Symbolic Interactionism

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Symbolic Interactionism

  1. 1. SYMBOLIC INTERACTIONISM Approaches to Meaning: The work of George Herbert Mead
  2. 2. CORE PRINCIPLES <ul><li>MEANING </li></ul><ul><li>LANGUAGE </li></ul><ul><li>THOUGHT </li></ul>
  3. 3. MEANING <ul><li>Humans act toward people or things on the basis of the meanings they assign to those people or things. </li></ul><ul><li>Once people define a situation as real, it is very real in its consequences </li></ul><ul><li>Meaning-making is a community project </li></ul>
  4. 4. LANGUAGE, SOURCE OF MEANING <ul><li>Meaning: </li></ul><ul><li>arises out of social interaction </li></ul><ul><li>not inherent in objects </li></ul><ul><li>negotiated through language by naming ,, ascribing meaning to words </li></ul><ul><li>Knowing depends on symbolic naming </li></ul><ul><li>A symbol is a stimulus that has a learned meaning; our words have default assumptions </li></ul>
  5. 5. THOUGHT <ul><li>Interpretation of symbols is modified by thought </li></ul><ul><li>Thinking is inner conversation </li></ul><ul><li>Humans are thoughtful </li></ul><ul><li>Symbols stimulate thought </li></ul><ul><li>Humans can “take the role of the other” </li></ul>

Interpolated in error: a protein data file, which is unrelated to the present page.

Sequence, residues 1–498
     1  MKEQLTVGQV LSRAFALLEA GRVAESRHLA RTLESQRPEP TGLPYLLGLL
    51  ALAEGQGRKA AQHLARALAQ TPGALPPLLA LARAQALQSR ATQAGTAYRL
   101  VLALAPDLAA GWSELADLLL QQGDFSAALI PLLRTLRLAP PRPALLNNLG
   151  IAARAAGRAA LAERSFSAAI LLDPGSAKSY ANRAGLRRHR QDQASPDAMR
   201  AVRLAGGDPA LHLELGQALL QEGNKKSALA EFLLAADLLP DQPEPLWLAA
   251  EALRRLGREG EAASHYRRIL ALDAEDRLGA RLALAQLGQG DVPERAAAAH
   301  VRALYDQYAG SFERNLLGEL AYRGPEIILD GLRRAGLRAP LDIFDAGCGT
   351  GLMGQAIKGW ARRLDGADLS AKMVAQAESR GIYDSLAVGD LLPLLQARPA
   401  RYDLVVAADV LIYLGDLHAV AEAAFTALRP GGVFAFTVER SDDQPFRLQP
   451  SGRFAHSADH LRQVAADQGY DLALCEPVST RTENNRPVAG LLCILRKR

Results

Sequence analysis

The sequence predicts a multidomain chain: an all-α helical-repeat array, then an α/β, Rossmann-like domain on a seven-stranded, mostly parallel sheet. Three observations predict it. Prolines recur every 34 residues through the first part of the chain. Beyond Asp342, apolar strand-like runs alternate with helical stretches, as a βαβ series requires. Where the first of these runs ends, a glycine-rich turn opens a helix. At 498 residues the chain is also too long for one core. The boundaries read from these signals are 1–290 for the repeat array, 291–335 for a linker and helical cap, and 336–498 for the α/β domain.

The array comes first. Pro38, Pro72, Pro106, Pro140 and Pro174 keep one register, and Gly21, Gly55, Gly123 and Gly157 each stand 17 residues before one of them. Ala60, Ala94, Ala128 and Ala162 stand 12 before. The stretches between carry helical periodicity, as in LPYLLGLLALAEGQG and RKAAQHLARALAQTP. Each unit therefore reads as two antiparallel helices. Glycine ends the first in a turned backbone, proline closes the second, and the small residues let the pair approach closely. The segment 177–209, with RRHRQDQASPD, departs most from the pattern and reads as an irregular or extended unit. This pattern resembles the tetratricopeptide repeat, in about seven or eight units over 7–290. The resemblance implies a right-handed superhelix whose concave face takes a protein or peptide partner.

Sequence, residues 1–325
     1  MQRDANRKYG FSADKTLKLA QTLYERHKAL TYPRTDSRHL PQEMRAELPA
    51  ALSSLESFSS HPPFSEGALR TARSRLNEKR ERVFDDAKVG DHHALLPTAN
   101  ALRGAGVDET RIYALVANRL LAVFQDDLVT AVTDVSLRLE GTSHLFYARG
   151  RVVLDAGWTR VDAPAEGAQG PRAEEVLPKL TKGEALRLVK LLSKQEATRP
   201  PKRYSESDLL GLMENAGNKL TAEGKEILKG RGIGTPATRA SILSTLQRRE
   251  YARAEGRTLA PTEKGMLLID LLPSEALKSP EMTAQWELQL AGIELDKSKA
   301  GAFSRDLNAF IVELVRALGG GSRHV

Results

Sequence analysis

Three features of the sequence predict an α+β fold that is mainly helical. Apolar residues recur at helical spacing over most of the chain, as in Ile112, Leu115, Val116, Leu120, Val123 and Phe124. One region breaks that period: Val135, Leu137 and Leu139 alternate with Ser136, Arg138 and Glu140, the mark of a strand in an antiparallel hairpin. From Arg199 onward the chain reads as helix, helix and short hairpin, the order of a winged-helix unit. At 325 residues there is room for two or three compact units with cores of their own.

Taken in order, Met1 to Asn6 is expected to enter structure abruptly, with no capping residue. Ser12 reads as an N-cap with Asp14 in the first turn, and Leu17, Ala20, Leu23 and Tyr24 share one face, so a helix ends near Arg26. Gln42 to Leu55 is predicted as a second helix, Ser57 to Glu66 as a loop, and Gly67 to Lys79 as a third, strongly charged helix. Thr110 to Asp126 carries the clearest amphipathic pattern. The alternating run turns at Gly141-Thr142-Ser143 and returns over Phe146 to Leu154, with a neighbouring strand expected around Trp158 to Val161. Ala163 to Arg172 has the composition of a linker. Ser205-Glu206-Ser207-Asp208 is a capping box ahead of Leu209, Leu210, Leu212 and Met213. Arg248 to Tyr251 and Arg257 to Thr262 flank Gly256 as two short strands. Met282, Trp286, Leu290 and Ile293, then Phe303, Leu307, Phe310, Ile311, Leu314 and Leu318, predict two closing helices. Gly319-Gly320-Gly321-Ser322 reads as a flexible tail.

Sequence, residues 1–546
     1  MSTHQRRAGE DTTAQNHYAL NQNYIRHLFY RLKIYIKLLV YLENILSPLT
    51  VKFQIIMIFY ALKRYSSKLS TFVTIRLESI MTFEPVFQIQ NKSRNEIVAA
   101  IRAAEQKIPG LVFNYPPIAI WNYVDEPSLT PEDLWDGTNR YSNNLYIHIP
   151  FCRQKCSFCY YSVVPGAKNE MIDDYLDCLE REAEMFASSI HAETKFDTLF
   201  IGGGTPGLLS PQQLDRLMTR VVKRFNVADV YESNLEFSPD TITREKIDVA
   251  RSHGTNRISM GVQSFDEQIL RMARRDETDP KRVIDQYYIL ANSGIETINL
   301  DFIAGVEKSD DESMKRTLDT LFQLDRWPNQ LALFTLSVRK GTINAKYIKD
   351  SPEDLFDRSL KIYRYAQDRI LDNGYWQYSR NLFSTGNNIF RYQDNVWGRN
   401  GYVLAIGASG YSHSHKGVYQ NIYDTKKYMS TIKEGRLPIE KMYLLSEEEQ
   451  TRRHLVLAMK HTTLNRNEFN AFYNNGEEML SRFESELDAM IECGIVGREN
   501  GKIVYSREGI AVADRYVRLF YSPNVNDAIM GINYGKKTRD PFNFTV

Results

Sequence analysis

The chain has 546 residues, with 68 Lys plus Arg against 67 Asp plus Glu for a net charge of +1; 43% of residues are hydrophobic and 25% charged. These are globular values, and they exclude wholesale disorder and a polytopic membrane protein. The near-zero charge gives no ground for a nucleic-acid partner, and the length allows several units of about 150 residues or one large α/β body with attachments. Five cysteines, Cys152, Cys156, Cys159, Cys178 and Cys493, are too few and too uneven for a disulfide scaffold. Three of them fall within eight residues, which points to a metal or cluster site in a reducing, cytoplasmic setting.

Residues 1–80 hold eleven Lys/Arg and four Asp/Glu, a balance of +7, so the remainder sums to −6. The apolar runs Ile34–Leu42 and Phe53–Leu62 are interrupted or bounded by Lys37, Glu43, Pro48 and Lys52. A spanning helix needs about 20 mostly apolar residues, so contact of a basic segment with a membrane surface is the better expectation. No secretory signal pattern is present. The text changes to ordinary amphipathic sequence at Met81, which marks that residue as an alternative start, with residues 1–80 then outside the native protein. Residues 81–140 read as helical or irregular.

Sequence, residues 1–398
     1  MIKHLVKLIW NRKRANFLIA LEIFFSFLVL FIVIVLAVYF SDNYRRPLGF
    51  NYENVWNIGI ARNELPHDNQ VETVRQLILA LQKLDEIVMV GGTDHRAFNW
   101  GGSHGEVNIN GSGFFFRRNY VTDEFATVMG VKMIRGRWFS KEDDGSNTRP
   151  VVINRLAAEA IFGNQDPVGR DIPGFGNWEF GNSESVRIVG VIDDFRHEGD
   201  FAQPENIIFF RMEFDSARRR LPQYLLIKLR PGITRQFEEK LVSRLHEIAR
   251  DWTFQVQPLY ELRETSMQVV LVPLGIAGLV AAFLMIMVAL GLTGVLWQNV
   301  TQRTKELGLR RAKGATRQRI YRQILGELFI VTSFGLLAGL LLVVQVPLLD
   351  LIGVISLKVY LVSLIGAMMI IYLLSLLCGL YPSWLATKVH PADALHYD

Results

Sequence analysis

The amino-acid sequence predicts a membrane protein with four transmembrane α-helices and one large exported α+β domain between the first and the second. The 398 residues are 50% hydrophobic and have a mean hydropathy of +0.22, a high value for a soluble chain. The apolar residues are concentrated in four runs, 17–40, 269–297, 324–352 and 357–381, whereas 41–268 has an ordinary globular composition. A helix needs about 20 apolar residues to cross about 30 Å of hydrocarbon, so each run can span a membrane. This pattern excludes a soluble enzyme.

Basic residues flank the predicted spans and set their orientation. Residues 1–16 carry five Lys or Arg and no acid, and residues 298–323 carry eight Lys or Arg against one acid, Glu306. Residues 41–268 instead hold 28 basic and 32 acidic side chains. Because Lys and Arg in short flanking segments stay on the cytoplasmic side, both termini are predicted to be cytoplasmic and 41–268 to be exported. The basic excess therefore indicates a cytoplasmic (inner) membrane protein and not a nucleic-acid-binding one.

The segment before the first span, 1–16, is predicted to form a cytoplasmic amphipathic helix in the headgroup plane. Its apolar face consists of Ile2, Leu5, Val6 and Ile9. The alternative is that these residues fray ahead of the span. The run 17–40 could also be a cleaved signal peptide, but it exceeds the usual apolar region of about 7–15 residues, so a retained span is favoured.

6. 6. THE SELF <ul><li>Defined through interconnection of meaning, language and thought </li></ul><ul><li>Involves taking the role of the other: looking-glass self </li></ul><ul><li>Function of language </li></ul><ul><li>Community membership filters consciousness of self </li></ul><ul><li>Always in flux </li></ul><ul><li>Combines impuslive “I” and reflective “me” </li></ul>
  7. 7. COMMUNITY <ul><li>Sense of self based on community expectations and responses: the “generalized other” or “me” </li></ul><ul><li>This shapes how we think and interact </li></ul><ul><li>The “me” is formed through continual symbolic interaction </li></ul><ul><li>The “me” is the organized community within the individual </li></ul>
  8. 8. Applications <ul><li>Social interaction as dramaturgical performance </li></ul><ul><li>Performances are fragile </li></ul><ul><li>Ethnography as appropriate method </li></ul><ul><li>A negative “generalized other” can reduce a person to nothing </li></ul><ul><li>Name-calling can force us to view ourselves through a warped mirror </li></ul><ul><li>Self-fulfilling prophecy: our expectations evoke responses that confirm what we originally anticipated. </li></ul>

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